(19) JDA’S SELF-ASSESSMENT. Jon Del Arroz told readers of his blog how he’s “Making Science Fiction Greater” [Internet Archive].

…The fireworks underlined the light in the darkness, the path forward, the bombs bursting in air, and made me reflect on our journey here for our movement to push this great American culture in a healthy and wondrous direction through science fiction and comics.

God’s blessed me with talents beyond most of the field in science fiction, fantasy, and comics, and on top of it, a clear vision of what needs to be done with the work not only to produce greatness for my own edification, but to do glory to His name and bring a return to hope, heroism, and the exceptionalism of mankind to fiction and culture.

It’s been missing for a long time, and the trials and tribulations, the struggles, the blacklisting, the bannings, they all were trials given to me to push me to outwork and out-innovate the competition, which is the true American way of winning.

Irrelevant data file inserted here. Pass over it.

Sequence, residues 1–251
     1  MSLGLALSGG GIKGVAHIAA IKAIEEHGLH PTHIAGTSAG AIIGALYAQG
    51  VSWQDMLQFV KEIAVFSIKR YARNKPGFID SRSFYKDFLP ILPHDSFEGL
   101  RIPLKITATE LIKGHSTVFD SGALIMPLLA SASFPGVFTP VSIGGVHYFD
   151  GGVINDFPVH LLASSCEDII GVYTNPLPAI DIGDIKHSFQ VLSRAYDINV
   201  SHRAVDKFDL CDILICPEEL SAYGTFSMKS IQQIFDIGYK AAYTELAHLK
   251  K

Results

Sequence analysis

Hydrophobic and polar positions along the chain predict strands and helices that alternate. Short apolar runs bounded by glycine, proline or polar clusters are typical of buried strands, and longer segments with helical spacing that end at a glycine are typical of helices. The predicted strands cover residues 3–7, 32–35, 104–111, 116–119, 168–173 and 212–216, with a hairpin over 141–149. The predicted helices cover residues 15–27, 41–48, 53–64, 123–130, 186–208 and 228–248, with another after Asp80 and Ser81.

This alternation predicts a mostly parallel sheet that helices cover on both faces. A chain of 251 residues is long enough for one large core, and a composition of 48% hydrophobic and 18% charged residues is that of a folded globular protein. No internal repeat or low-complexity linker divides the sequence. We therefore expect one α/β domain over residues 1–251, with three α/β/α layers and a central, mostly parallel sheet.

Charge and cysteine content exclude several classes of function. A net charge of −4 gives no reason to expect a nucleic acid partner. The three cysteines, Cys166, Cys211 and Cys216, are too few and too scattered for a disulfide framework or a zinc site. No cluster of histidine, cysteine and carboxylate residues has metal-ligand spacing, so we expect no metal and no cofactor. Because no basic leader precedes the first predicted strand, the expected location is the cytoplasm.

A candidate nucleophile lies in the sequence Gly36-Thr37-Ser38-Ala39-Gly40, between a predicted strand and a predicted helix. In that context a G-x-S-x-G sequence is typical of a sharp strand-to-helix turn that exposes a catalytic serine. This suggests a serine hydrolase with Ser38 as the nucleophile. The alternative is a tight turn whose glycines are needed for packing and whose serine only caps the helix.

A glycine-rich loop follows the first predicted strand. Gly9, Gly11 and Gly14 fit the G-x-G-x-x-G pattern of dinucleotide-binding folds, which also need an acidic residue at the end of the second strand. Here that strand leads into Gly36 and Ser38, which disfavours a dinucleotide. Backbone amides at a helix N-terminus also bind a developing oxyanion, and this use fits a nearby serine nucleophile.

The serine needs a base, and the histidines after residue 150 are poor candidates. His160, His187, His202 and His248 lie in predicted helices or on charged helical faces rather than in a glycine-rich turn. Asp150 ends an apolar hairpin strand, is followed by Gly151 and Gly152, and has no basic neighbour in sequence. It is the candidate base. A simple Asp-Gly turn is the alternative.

(20) SONG DYNASTY CAT TWEETS. You wouldn’t want to miss this. Thread starts here.

[Thanks to John King Tarpinian, John Hertz, JJ, Martin Morse Wooster, Cat Eldridge, Lise Andreasen, Michael Toman, James Davis Nicoll, Mike Kennedy, Chris Barkley, Olav Rokne, and Andrew Porter for some of these stories. Title credit belongs to File 770 contributing editor of the day Olav Rokne.]

56 thoughts on “Pixel Scroll 8/28/20 Maslow’s Filerarchy Of Pixels

  1. (2)/(14) Two podcasts to listen to immediately.

    (5) You don’t have to see the letters to know that someone else is getting more than you.

  2. //God’s blessed me with talents beyond most of the field in science fiction, fantasy, and comics, and on top of it, a clear vision of what needs to be done with the work not only to produce greatness for my own edification, but to do glory to His name and bring a return to hope, heroism, and the exceptionalism of mankind to fiction and culture.//

    I’m stealing that paragraph